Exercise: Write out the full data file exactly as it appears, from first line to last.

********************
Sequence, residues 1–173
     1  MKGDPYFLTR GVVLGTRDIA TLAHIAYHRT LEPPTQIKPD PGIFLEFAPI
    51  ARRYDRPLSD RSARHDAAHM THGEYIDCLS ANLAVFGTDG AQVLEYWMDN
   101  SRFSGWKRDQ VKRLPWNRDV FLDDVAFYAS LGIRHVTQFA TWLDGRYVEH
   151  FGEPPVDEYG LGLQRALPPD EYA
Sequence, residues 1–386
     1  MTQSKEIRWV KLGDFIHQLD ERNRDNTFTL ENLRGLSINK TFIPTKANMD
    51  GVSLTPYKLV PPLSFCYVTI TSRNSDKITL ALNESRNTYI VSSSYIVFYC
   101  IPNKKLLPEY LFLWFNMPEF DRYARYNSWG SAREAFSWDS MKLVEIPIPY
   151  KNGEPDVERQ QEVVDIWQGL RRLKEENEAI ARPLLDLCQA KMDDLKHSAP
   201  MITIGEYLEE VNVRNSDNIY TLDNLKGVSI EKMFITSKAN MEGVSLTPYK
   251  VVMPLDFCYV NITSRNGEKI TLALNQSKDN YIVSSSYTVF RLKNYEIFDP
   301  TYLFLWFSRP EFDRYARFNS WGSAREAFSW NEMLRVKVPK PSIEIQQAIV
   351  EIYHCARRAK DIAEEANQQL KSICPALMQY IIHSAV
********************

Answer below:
Sequence, residues 1–173
     1  MKGDPYFLTR GVVLGTRDIA TLAHIAYHRT LEPPTQIKPD PGIFLEFAPI
    51  ARRYDRPLSD RSARHDAAHM THGEYIDCLS ANLAVFGTDG AQVLEYWMDN
   101  SRFSGWKRDQ VKRLPWNRDV FLDDVAFYAS LGIRHVTQFA TWLDGRYVEH
   151  FGEPPVDEYG LGLQRALPPD EYA
Sequence, residues 1–386
     1  MTQSKEIRWV KLGDFIHQLD ERNRDNTFTL ENLRGLSINK TFIPTKANMD
    51  GVSLTPYKLV PPLSFCYVTI TSRNSDKITL ALNESRNTYI VSSSYIVFYC
   101  IPNKKLLPEY LFLWFNMPEF DRYARYNSWG SAREAFSWDS MKLVEIPIPY
   151  KNGEPDVERQ QEVVDIWQGL RRLKEENEAI ARPLLDLCQA KMDDLKHSAP
   201  MITIGEYLEE VNVRNSDNIY TLDNLKGVSI EKMFITSKAN MEGVSLTPYK
   251  VVMPLDFCYV NITSRNGEKI TLALNQSKDN YIVSSSYTVF RLKNYEIFDP
   301  TYLFLWFSRP EFDRYARFNS WGSAREAFSW NEMLRVKVPK PSIEIQQAIV
   351  EIYHCARRAK DIAEEANQQL KSICPALMQY IIHSAV